Withheld Affection?

The Apostle Paul wrote: “We have spoken freely to you, Corinthians, and opened wide our hearts to you. We are not withholding our affection from you, but you are withholding yours from us. As a fair exchange—I speak as to my children—open wide your hearts also.” [2 Corinthians 6:11-13]

As in all affairs of the heart, there is risk.
To me it seems one question is always: “Who goes first?” Who gets to be first to love, to risk, to be vulnerable? Paul settles the issue for those of us in ministry: We get to go first! In doing so, we model the way of love for those around us. “We have opened wide our hearts to you. We are not withholding our affection from you.”
How generously, how obviously, how daringly do we love? How careful are we to not withhold our affection from those we lead?

–Kirk Kirlin, from the book “Leadership Courage,” more at www.KirlinCoaching.com/blog/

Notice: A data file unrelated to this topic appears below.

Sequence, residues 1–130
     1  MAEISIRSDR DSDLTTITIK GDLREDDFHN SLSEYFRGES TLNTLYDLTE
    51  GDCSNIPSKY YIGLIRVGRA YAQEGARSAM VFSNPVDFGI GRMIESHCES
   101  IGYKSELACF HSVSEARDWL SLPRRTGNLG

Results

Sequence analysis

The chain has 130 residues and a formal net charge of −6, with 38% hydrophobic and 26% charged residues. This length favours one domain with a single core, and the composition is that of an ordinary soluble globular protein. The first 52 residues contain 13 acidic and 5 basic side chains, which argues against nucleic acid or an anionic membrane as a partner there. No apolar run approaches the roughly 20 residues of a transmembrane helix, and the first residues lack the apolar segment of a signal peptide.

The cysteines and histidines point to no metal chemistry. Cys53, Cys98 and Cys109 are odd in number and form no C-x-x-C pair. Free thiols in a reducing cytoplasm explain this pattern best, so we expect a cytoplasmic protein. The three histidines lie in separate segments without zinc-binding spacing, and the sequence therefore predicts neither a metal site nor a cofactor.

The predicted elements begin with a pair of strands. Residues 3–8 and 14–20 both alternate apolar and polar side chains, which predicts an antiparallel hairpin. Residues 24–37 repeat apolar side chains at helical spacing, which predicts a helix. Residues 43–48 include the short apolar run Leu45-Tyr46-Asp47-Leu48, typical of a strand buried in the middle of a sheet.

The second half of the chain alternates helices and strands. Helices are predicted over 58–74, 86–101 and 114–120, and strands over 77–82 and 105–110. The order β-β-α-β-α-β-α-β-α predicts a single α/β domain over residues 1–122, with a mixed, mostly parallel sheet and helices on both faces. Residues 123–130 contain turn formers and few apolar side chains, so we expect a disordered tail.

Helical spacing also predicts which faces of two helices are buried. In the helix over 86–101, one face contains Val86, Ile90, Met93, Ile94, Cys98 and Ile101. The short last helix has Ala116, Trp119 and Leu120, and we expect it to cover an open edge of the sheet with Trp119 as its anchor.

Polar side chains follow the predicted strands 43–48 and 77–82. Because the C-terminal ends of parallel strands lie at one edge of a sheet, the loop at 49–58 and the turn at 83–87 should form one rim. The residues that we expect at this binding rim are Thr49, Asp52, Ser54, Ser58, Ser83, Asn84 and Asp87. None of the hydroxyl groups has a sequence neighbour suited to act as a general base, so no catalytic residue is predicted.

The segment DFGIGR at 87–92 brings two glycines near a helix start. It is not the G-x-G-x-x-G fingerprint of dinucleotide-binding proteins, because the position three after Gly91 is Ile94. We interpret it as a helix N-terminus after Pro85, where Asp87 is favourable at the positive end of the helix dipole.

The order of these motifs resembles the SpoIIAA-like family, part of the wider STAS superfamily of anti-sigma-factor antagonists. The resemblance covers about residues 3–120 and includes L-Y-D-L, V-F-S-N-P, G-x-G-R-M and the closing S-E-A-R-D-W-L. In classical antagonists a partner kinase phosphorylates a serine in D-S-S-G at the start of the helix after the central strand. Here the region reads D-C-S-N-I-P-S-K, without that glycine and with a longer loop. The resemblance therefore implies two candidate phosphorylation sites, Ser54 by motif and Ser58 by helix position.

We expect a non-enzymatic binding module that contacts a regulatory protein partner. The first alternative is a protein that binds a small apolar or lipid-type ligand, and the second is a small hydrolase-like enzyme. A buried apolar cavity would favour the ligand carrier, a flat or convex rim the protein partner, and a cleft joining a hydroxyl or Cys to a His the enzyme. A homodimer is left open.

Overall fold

Courageous Leadership is Decisive

Courageous leadership is decisive.

The Latin root of decisive means “to cut.” However, in church it is rarely nice to cut anything away, to cut anything off, or to cut anything out—even when it’s a toxic presence.

To lead with your whole heart means that you stand for what’s best for the church, simply because it is best—even when that stand is unpopular. Even when it provokes opposition from stakeholders in the Church.

–Kirk Kirlin, from the book “Leadership Courage,” more at www.KirlinCoaching.com/blog/


#leadership #courage #courageousleadership #leadershipcourage #Jesus #pastor #discipleship

Crises in Leaders’ Lives

Edwin Friedman observed that crises are normative in leaders’ lives.

Some are imposed on the leader from forces outside that leader’s control.

Others are initiated simply by the leader doing exactly what he or she should be doing.

As you study Jesus with his disciples, notice how frequently he invokes adversity for those closest to him. Yet, how reluctant are we to lead in a way that invites a crisis for long-standing church members?

–Kirk Kirlin, from the book “Leadership Courage,” more at www.KirlinCoaching.com/blog/